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OPERATING PERSONNEL-INTENSIVE PROGRAMS 8.0 Notification requirements. Vendors must notify the client and obtain advanced approval for any change, addition, or termination of major contract components and any change in the staffing by the vendor needed to serve the client effectively. 9.0 General contract provisions. The contract entered into between the client and the successful proposer(s) shall contain negotiated provisions based on the specific requirements set forth in this RFP and the successful proposer’s treatment thereof, as contained in its proposal. 10.0 Submission of Federal Employer Identification Number (EIN) 11.0 Insurance. The contractor must have a minimum of $10 million of general liability insurance at the time the contract is awarded. The contractor must provide a certificate of insurance listing the client as being insured under the vendor’s policy. The contractor’s insurance policy must be written with an insurance carrier with a rating of at least “A” from A.M. Best. In the event the insurer is reduced to a lower rating, the vendor must take timely action to replace the insurance coverage with an insurer rated as at least “A” as judged by A.M. Best. Additionally, the vendor shall maintain specific adequate coverage for any vehicles to be used in the function of the contract. 12.0 Reports. The vendor shall maintain records and make reports as may be required by the client, including information needed for computerized data systems. 13.0 Prime contractor responsibilities. The selected vendor(s) will be required to assume sole responsibility for the fulfillment of the resultant contract(s). 14.0 Subcontracting. No part of the work covered by this RFP shall be subcontracted by the successful applicant(s) without prior approval from the client. 15.0 Reservations. As the need requires, the client reserves the right to increase or decrease the number of personnel to be authorized at the protected locations subject to the contract without limit. In addition to furnishing security services at the client’s locations listed in this RFP, the contractor may be required to provide services at other client facilities not stated in the RFP. 16.0 Length of contract. The contract is for a 36-month period to be extended for a second 12-month period at the same rate for the initial period (or for whatever rate and policy the proposer wishes to achieve). 17.0 Termination. Either party to the agreement reserves the right to cancel any or all sites with 30 days’ written notice. 18.0 Equal Employment Opportunity. The contract is awarded subject to applicable provisions of federal, state, and local laws and executive orders requiring affirmative action and equal employment opportunity.

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Determining Final Costs In addition to analyzing quality and competence of service (75 points), the final contract in this sample RFP is to be awarded based on cost considerations as well (25 points). The client determines the projected number of hours of coverage for security officer services. In the example of the above RFP, the client asks that the contractor anticipate a variety of expenses and incorporate them into the price to be charged for each hour scheduled by a security officer. In this instance, the vendor must consider a large number of ancillary costs—officer overhead, profit, selling and proposal preparation costs, uniform and equipment expenses, supervisory costs, potential liquidated damages, insurance and other amounts—into the hourly proposed rate. In other cases, proposed vendors and clients may identify other factors that could be expensed separately. For example, if vehicles are required to patrol the facilities, they may be provided by one party or the other, accounting for differences in payment.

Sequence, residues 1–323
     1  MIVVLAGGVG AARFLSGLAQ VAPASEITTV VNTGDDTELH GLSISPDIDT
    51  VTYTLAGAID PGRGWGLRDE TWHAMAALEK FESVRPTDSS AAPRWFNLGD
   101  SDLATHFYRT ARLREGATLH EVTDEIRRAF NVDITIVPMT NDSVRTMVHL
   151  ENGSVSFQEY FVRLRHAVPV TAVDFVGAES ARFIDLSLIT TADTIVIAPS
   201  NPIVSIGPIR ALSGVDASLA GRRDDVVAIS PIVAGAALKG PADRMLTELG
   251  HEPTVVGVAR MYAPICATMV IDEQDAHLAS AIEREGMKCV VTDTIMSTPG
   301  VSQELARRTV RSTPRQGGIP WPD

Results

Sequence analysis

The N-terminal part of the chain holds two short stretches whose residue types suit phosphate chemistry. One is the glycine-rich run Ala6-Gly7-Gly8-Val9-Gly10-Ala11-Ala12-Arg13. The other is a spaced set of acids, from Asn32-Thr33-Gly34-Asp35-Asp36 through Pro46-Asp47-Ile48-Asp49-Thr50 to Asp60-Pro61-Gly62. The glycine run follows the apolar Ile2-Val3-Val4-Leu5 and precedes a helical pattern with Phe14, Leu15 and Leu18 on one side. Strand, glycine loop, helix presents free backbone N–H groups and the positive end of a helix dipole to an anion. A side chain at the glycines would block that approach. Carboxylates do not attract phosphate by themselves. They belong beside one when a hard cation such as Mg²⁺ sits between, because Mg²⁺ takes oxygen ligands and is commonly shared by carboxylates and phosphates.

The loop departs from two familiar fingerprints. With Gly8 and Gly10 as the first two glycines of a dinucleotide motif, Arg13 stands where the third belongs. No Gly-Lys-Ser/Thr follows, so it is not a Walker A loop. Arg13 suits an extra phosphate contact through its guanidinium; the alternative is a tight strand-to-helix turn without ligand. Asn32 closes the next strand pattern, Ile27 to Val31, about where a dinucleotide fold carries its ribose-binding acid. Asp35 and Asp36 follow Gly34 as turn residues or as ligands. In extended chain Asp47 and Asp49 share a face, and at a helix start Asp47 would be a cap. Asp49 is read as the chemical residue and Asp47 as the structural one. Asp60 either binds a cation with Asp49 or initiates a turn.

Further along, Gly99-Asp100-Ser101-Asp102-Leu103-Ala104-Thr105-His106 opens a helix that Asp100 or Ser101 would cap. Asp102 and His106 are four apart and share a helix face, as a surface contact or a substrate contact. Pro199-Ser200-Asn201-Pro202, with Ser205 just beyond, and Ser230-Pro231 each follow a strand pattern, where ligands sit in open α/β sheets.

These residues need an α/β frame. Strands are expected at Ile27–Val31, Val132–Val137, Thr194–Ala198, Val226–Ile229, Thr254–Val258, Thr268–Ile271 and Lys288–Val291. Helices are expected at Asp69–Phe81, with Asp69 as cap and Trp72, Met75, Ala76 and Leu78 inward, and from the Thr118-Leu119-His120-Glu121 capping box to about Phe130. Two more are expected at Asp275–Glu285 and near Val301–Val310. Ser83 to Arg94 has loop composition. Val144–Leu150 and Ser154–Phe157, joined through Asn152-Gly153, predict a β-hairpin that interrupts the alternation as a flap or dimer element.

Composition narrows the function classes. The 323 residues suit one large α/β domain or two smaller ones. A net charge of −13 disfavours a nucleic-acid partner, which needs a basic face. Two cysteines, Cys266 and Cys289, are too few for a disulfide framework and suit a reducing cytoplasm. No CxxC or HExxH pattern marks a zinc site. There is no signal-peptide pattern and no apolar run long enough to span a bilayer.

Other Considerations The RFP discussed above leaves much to be negotiated between the prospective vendor and the client. To the vendor, successful agreement on numerous fine points may be the difference between profit and loss on the actual contract performance. To the client, the difference can be between projected costs and costs that exceed budgeted targets. Clearly, a spirit of harmonious goodwill between both parties is needed throughout the life of the contract to resolve issues that normally occur. The RFP above provides for “liquidated damages,” or cash penalties, against the vendor for specified breaches of the contract. Wise clients do not desire a punitive environment in which such measures occur with any frequency. If the client has screened the vendors carefully, service will meet expectations without the necessity of frequent cash penalties. The design of the security officer’s job relates to quality of performance. A guard who sleeps on a post faces dismissal. Yet, in candor, some jobs are designed with such little stimulation that it is difficult for someone not to sleep, especially if the security officer is sitting during an evening shift. Meaningful tasks, built-in variation, and regular visits by supervisors can maintain the discharge of duties at an optimal operating level with high alertness.

Continuous Supervision Whether the security contract is small or large, it is incumbent on the client to maintain an ongoing evaluation of security services. Observations on the quality of services—good and bad—should be constant. Feedback may be provided orally, in written form, or in both ways to the contractor. It should be understood that a satisfactory level of service can lead to a continuing relationship between the parties.